Exposure Metering System TTL metering using camera image sensor
Metering Method Matrix metering
Center-weighted metering: Weight of 75% given to 12 mm circle in center of frame; weighting can instead be based on average of entire frame
Spot metering: Meters 4 mm circle (about 1.5% of frame) centered on selected focus point
Highlight-weighted metering
Metering Range Matrix or center-weighted metering: -4 to +17 EV
Spot metering: -4 to +17 EV
Highlight-weighted metering: -4 to +17 EV
Exposure Meter Coupling CPU
Exposure Modes Auto
Programmed auto with flexible program (P)
Shutter-priority auto (S)
Aperture-priority auto (A)
Manual (M)
User settings (U1, U2, U3)
Exposure Compensation -5 to +5 EV in increments of 1/3 or 1/2 EV available in modes P, S, A, and M
Exposure Lock Luminosity locked at detected value
Picture Control Auto
Creative Picture Controls: (Dream, Morning, Pop, Sunday, Somber, Dramatic, Silence, Bleached, Melancholic, Pure, Denim, Toy, Sepia, Blue, Red, Pink, Charcoal, Graphite, Binary, Carbon)
Selected Picture Control can be modified
Storage for custom Picture Controls
ISO Sensitivity ISO 100 – 51,200 in steps of 1/3 or 1/2 EV
Can also be set to approx. 0.3, 0.5, 0.7 or 1 EV (ISO 50 equivalent) below ISO 100 or to approx. 0.3, 0.5, 0.7, 1 or 2 EV (ISO 204,800 equivalent) above ISO 51,200; auto ISO sensitivity control available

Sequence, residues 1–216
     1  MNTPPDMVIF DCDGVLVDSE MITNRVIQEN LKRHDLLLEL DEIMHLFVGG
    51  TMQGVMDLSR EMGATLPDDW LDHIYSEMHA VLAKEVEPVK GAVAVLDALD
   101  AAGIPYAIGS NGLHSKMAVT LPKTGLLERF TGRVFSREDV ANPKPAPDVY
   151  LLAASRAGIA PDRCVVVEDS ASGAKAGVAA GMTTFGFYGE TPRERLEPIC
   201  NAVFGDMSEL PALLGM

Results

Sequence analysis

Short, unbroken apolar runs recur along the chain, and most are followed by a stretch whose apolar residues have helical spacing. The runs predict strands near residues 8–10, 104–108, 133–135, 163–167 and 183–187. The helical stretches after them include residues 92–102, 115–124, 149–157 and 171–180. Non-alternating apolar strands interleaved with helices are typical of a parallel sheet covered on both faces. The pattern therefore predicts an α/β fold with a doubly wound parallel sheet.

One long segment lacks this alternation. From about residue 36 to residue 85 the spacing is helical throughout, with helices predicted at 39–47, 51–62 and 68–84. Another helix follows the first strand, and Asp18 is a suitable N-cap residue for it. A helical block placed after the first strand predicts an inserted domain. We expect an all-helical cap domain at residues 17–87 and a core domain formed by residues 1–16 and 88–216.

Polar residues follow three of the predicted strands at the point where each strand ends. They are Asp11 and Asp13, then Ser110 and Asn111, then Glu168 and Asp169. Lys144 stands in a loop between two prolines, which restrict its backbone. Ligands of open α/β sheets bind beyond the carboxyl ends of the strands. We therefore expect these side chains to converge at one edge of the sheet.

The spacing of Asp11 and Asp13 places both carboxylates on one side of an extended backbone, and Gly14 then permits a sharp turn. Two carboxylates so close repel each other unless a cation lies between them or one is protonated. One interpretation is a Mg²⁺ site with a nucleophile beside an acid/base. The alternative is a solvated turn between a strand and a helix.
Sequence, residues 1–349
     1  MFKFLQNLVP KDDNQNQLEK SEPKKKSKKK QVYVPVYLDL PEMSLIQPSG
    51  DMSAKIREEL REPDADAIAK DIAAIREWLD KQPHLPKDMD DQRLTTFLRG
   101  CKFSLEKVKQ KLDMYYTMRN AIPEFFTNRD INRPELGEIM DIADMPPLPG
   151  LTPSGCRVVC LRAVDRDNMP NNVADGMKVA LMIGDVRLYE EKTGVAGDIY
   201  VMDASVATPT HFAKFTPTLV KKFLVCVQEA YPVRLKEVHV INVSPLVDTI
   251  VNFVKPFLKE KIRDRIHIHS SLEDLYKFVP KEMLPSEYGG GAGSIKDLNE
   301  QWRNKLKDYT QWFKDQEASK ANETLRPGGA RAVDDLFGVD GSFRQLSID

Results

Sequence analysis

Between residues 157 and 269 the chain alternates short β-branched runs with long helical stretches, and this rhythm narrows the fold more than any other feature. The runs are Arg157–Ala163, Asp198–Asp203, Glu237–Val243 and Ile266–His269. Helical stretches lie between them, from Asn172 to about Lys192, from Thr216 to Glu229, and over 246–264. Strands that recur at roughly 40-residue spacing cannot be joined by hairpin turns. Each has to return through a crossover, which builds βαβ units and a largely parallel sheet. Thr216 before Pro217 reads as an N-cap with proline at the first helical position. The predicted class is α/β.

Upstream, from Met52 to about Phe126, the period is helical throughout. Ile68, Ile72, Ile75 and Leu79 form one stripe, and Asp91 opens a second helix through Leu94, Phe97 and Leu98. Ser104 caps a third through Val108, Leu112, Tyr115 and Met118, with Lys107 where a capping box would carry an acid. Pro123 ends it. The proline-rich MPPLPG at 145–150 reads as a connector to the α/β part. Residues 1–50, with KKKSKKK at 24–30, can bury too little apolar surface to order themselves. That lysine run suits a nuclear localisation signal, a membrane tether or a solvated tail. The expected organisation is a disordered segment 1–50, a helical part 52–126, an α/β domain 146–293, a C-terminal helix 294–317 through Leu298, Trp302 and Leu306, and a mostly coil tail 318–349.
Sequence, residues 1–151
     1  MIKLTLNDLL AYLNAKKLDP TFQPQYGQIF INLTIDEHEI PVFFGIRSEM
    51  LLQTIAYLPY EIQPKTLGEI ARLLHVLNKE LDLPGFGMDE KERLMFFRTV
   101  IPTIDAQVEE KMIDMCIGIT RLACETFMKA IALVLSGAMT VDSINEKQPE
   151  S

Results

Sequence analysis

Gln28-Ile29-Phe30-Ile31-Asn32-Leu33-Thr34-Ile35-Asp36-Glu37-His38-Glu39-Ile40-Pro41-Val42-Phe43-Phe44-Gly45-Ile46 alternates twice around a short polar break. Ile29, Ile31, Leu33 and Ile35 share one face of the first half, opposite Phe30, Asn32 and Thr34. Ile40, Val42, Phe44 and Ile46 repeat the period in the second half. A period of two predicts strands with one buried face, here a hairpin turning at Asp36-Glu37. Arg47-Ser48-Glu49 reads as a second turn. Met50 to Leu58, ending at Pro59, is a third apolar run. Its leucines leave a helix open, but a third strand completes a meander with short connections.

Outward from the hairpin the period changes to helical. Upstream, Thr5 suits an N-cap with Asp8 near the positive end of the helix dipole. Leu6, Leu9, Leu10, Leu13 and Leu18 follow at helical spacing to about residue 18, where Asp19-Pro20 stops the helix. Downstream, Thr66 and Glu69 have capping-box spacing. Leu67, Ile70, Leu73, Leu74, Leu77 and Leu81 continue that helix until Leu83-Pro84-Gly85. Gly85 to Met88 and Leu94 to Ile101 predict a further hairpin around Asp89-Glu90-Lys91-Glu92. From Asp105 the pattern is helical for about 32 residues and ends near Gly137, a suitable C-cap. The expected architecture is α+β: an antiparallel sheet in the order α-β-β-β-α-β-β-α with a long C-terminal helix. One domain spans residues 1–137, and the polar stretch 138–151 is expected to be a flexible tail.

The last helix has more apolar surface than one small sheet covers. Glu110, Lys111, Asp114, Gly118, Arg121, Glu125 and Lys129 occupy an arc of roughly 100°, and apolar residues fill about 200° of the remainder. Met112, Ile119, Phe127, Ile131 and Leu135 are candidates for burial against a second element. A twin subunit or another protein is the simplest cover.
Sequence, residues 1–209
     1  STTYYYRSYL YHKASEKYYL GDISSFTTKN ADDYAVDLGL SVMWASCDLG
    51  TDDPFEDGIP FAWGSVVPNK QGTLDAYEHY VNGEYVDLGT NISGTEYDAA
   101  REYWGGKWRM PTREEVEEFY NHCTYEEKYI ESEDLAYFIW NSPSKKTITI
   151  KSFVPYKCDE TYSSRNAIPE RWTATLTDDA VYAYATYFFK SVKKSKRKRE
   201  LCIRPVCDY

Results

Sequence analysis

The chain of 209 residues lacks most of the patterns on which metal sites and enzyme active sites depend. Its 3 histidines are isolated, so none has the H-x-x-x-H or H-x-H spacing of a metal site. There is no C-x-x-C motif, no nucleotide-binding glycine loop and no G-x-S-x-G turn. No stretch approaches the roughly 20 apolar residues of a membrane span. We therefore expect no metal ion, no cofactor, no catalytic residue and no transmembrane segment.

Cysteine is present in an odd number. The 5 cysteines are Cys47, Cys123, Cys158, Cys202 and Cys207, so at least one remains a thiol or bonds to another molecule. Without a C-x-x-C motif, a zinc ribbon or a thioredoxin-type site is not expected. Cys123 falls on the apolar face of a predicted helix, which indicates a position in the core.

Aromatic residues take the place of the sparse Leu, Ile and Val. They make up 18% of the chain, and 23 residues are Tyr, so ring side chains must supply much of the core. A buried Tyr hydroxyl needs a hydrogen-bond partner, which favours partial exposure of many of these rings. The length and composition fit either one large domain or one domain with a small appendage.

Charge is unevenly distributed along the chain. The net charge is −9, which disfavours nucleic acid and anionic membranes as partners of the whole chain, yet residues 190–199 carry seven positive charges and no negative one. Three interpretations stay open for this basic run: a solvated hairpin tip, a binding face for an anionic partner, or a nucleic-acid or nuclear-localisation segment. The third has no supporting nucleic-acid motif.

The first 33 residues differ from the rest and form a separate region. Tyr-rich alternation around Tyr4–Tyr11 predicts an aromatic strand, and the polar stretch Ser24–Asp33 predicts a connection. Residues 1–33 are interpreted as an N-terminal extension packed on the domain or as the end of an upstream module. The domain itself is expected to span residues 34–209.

Lowest Standard ISO Sensitivity 100
Highest Standard ISO Sensitivity 51,200
Lowest Expanded ISO Sensitivity 50
Highest Expanded ISO Sensitivity 204,800
Active D-Lighting Can be selected from:  Auto
Extra High
Active D-Lighting Bracketing Yes
Autofocus System Hybrid phase-detection/contrast AF with AF assist
Detection Range -2 to +19 EV (-4 to +19 EV with low-light AF)
Detection range (ISO 100, f/2.0 lens, 20 °C/68 °F)
Lens Servo Autofocus (AF): Single-servo AF (AF-S); continuous-servo AF (AF-C); full-time AF (AF-F; available only in movie mode); predictive focus tracking
Manual focus (M): Electronic rangefinder can be used
Focus Point 273 (single-point AF)
AF-area Mode Pinpoint
Dynamic-area AF
Wide-area AF (S)
Wide-area AF (L)
Auto-area AF
Pinpoint and Dynamic-area AF available in photo mode only
Focus Lock Focus can be locked by pressing shutter-release button halfway (single-servo AF) or by pressing center of sub-selector
Focus Modes Pinpoint
Dynamic-area AF
Wide-area AF (S)
Wide-area AF (L)
Auto-area AF
Pinpoint and Dynamic-area AF available in photo mode only
Maximum Autofocus Areas/Points 273
Vibration Reduction 5-axis image sensor shift
Autofocus Fine Tune Yes
Flash Bracketing Yes
X-Sync Speed 1/200th sec.
Top FP High Speed Sync Up to:  1/8000 sec.